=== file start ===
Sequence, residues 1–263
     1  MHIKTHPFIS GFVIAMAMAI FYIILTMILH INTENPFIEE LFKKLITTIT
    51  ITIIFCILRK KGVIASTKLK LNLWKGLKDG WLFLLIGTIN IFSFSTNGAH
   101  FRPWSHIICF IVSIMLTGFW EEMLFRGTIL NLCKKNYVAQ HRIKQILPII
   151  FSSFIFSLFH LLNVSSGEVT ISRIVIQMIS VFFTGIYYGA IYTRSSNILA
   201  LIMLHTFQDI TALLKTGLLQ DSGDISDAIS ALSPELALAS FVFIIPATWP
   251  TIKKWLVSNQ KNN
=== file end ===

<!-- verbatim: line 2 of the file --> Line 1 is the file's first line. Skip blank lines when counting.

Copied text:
     1  MHIKTHPFIS GFVIAMAMAI FYIILTMILH INTENPFIEE LFKKLITTIT